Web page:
Note: I was hosted on my trip to Western New York and the Finger Lakes by Harbor Hotels. My glamping stay in New Hampshire was also hosted by KOA. All opinions are my own.

I hope I have convinced you to take a solo road trip. Now the question is, where to go? You can take a road trip just about anywhere and these days it is safer to stick closer to home and research travel restrictions before you go. But if you need some ideas, here are some favorites for those seeking solitude:

Florida Keys

Florida Key bridge over water

Driving from Miami to Key West makes a great girls’ trip, but it can also be a perfect spot for a solo road trip. The sunshine and blue water will lighten your mood and the laid back vibes and flip-flop nation music will help you chill.

Wine Country Wander

Tamara checking out grapes at Magnus Ridge winery

If wine country is your happy place, plan a trip meandering through the closest wine region to you. I recently spent a few days in the Finger Lakes exploring waterfalls, visiting wineries on Seneca Lake, exploring farms, and enjoying a boat tour of the lake. Settle in at the Watkins Glen Harbor Hotel for a few days and get ready to explore.

Other regions like Sonoma are great (when not under threat of fire), because you have the towering Redwoods for some forest bathing, cultural attractions (can you count the Charles Schulz Museum as a cultural attraction, I mean Peanuts is a part of our culture right?), and plenty of wineries.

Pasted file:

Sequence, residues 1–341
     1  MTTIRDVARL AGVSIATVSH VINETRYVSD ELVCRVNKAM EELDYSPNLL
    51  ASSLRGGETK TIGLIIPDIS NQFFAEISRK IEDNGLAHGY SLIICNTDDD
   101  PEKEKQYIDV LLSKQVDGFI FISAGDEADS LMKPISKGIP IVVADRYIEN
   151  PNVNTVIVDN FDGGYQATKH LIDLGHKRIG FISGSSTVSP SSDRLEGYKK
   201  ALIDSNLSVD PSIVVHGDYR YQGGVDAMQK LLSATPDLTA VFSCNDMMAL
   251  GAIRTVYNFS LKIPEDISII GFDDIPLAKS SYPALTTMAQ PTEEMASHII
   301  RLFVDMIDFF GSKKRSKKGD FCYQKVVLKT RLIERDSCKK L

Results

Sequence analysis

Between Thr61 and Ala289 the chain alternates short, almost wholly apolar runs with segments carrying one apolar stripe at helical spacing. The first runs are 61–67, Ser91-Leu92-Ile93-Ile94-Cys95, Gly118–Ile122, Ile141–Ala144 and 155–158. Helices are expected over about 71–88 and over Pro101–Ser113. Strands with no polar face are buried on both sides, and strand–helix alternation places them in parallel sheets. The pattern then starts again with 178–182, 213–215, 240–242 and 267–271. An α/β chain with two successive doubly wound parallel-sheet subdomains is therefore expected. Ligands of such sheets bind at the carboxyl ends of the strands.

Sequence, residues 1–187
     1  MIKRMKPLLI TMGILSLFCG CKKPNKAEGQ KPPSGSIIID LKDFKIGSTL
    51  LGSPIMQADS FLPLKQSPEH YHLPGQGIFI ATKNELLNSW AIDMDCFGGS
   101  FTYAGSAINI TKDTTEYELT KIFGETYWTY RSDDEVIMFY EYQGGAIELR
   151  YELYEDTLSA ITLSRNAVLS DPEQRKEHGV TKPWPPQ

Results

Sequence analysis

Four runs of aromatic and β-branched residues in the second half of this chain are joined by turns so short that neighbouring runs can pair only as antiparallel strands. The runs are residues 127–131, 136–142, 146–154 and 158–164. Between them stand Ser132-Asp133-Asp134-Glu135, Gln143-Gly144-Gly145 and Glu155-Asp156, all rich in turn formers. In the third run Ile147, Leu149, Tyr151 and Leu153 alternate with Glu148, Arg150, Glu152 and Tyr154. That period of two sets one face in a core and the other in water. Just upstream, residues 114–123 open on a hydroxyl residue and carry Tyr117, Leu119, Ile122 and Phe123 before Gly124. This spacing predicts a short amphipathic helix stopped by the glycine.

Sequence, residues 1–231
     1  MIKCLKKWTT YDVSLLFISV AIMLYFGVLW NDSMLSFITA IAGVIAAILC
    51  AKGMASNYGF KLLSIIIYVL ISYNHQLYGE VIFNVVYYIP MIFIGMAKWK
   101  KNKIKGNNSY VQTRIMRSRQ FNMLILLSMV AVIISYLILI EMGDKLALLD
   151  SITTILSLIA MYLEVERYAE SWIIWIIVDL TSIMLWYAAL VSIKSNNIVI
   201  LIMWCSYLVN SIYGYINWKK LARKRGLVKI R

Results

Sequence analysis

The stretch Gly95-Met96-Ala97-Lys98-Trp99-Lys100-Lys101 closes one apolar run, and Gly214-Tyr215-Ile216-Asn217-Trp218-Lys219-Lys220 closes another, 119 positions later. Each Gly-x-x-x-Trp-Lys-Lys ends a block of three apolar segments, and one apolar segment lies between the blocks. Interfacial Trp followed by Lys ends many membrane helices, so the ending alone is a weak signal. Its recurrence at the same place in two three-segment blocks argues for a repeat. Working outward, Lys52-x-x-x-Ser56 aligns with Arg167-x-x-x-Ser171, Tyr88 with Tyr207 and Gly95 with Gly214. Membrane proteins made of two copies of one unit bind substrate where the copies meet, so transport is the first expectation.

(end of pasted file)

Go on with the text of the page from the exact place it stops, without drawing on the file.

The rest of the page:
Fall Foliage

woman hiker overlooking view at Cranmore Mountain

Autumn is a great time for a getaway to escape to the mountains or the coast and enjoy some beautiful fall foliage. My first solo trip this fall was to Western New York and the area around Lake Chautauqua. There are hiking options, local breweries, lake life, and fun attractions like the National Comedy Center, which is a true gem, in Lucille Ball’s hometown. The Chautauqua Harbor Hotel makes a perfect spot to relax and enjoy the lake views.

I also did a quick getaway up to New Hampshire at peak foliage season for a glamping stay at the KOA in the White Mountains. What fun to stay in a safari tent and spend my days hiking and exploring on my own. I truly embraced my inner explorer and enjoyed the solitude in nature.

Hopefully this gives you a few ideas to start planning your own solo road trip! Come back and tell me about your trip and where you went. I’d also love for you to follow along on my next trips on Instagram.